The Community Empowerment Fund cultivates opportunities, assets, and communities that support the alleviation of homelessness and poverty.
Founding Story and Documentary Kit
Click to Download the Kit. It includes a full timeline of our founding-story, an outline of our essential partnerships, and a guide to viewing and discussing the CEF Documentary, To Borrow Budget and Save.
Our Founding Story
In the summer of 2009, a group of students, shelter residents, faculty, and community members in Chapel Hill launched the Community Empowerment Fund to address the systemic financial barriers faced by the homeless and working poor in the United States. CEF was founded on the idea that small amounts of capital coupled with social support, savings opportunities, financial education, and positive community could facilitate transitions out of homelessness.
CEF came out of the context of relationships between students, community members, and shelter residents in Chapel Hill, North Carolina. Prior to our launch, students working with the UNC Campus Y committee HOPE offered community development and storytelling-based programs that brought students and shelter residents together in meaningful dialogue on a regular basis. Students began to build relationships with members of the homeless community through projects such as Talking Sidewalks, HOPE Gardens, and Community Dinners.
Through these relationships, HOPE volunteers learned that many individuals in transitional housing simply lacked small amounts of capital to get on the path toward self-sufficiency – as little as $60 for a pair of work boots or $200 for tools. While social service agencies existed that could meet a portion of these needs through small cash grants, such grants did not address the deeper causes of cyclical and systemic poverty and inequality. Sustained support, human capital, community networks, and true empowerment were still lacking. The combination of the need for financial assistance and an assertively supportive community led to the creation of the Community Empowerment Fund – a model of microfinance that develops relationships alongside assets.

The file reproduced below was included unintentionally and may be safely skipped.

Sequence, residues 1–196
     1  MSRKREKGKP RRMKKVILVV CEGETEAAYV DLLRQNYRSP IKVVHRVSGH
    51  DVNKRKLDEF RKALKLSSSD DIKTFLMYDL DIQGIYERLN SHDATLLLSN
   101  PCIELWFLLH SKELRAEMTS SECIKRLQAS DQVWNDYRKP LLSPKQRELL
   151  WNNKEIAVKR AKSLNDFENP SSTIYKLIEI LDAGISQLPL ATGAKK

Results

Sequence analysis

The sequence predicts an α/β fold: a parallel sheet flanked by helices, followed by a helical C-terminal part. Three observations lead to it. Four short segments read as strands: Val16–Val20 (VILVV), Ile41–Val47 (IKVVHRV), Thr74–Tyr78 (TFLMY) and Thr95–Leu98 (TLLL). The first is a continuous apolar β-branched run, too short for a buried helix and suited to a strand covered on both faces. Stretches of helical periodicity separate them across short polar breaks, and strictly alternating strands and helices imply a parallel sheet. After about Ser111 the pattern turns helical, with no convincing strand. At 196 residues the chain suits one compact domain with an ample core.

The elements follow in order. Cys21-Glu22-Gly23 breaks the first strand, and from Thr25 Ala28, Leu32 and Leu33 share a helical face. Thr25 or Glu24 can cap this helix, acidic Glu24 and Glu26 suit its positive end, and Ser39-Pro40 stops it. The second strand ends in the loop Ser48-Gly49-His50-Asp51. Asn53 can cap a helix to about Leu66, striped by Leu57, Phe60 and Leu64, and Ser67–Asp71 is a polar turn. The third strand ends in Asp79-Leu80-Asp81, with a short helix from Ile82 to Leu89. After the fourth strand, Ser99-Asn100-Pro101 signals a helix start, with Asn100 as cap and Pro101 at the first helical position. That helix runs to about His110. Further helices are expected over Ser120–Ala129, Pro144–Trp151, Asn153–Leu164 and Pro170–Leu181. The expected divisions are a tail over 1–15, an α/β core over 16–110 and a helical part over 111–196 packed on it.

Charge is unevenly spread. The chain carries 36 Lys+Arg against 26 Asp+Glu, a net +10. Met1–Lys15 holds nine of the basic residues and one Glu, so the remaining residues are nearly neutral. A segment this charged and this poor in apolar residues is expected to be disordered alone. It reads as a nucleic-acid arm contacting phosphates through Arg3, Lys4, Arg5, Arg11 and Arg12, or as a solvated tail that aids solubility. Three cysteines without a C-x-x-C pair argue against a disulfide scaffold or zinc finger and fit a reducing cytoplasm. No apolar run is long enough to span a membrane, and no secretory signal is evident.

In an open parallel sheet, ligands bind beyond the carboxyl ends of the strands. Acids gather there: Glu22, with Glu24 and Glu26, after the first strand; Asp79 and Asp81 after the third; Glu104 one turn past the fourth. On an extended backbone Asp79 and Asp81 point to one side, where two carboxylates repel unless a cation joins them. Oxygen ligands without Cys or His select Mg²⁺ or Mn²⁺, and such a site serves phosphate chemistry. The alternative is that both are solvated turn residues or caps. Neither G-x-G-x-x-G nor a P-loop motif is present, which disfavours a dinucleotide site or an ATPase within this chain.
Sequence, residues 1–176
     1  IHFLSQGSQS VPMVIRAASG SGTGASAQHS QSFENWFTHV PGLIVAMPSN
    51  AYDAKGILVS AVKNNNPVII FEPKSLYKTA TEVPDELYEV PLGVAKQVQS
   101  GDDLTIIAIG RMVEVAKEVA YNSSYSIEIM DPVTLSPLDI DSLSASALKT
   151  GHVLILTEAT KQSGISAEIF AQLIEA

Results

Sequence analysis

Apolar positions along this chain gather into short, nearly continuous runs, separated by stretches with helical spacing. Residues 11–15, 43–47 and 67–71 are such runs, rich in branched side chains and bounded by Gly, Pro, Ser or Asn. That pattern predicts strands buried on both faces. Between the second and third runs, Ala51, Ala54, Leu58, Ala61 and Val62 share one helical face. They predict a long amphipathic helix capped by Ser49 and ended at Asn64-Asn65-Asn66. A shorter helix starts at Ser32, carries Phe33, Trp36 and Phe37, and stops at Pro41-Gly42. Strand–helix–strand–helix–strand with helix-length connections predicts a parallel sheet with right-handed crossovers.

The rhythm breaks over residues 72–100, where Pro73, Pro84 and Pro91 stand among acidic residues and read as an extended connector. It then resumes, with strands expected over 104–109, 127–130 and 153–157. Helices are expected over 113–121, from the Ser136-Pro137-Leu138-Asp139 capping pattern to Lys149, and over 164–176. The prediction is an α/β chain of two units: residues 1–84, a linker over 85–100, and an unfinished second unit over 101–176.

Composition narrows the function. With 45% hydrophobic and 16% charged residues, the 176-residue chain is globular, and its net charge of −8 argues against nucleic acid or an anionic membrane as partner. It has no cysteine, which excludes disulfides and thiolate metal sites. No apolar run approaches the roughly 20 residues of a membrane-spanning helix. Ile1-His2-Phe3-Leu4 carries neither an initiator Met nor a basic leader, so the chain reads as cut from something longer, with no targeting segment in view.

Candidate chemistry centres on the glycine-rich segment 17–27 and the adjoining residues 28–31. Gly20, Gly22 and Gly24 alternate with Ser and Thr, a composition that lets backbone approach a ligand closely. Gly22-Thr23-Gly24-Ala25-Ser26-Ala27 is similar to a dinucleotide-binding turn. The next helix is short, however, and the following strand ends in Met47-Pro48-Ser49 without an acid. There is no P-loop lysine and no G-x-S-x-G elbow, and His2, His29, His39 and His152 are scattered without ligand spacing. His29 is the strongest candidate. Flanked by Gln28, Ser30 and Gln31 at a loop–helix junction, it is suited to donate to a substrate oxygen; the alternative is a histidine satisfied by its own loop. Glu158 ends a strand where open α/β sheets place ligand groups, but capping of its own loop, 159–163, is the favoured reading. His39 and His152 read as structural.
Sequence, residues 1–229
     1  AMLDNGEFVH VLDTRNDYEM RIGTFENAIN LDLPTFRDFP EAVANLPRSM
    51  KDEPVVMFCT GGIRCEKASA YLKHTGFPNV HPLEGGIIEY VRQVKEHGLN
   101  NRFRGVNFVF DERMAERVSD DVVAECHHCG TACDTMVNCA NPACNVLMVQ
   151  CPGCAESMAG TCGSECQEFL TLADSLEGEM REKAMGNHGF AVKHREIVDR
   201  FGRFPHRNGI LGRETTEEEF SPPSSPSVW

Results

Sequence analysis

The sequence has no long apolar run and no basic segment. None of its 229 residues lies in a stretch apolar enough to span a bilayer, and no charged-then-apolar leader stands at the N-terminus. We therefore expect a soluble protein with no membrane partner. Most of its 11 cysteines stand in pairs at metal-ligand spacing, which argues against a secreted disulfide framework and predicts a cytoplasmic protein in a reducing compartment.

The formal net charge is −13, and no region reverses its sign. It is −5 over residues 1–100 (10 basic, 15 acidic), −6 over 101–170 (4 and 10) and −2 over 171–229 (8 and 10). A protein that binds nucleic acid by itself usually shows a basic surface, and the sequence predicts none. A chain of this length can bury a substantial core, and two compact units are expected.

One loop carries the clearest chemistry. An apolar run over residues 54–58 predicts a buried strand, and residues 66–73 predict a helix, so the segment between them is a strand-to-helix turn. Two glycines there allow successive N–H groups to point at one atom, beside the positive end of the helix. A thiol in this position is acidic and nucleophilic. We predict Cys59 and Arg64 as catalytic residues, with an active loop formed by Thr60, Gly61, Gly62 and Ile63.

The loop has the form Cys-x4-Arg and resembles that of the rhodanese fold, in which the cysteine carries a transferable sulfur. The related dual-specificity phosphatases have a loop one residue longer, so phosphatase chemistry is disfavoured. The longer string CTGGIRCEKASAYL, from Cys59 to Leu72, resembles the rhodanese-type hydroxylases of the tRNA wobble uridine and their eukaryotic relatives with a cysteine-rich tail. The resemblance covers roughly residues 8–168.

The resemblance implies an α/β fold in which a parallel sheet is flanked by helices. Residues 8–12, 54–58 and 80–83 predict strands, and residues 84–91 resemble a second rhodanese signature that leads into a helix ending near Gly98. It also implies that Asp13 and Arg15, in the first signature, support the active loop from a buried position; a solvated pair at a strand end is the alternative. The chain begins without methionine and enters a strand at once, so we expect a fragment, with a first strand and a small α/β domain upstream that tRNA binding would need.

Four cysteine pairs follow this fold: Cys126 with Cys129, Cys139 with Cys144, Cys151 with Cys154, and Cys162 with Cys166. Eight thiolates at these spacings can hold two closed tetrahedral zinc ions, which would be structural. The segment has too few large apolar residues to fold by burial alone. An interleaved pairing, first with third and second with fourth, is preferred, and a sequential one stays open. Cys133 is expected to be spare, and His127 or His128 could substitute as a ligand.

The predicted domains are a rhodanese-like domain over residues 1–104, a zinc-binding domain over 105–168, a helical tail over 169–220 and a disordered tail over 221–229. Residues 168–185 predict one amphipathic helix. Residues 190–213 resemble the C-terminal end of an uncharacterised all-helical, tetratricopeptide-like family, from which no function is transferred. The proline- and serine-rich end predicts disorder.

From there, HOPE began a partnership with the Carolina Microfinance Initiative (CMI), a fellow Campus Y committee with extensive experience in international microfinance. CMI members traveled abroad to intern with notable MFIs and brought the lessons from these experiences back to the UNC campus. In November of 2008, the UNC Law School Center on Poverty, Work & Opportunity joined the partnership to bring an institutional backing and academic foundation to the group’s work.
With the help of these three partners, CEF launched our pilot in the summer of 2009. Eight student volunteer loan officers and five pilot borrowers, all from diverse backgrounds, worked together to apply, adapt, and refine the CEF approach to domestic microfinance.
We got our start as just a micro-loan program, but based on the lessons that we all learned during the pilot, CEF grew to offer much more. We now provide savings accounts, educational trainings, and person-centered support. Read more about how we have grown since our pilot…
Report on Our 2009 Pilot Launch
CEF launched in the summer of 2009 with two pilot groups of borrowers and funding from the Office of Undergraduate Research, Carolina Center for Public Service, and APPLES. The results of this pilot have been published and are available for public learning and feedback here CEF Pilot Report, June 2010 .
Research and constant evaluation are integral to the success of the CEF model—both as a student-run organization and as a financial institution that works with especially vulnerable, financially marginalized populations. See the CEF library for white papers and research articles written by our students!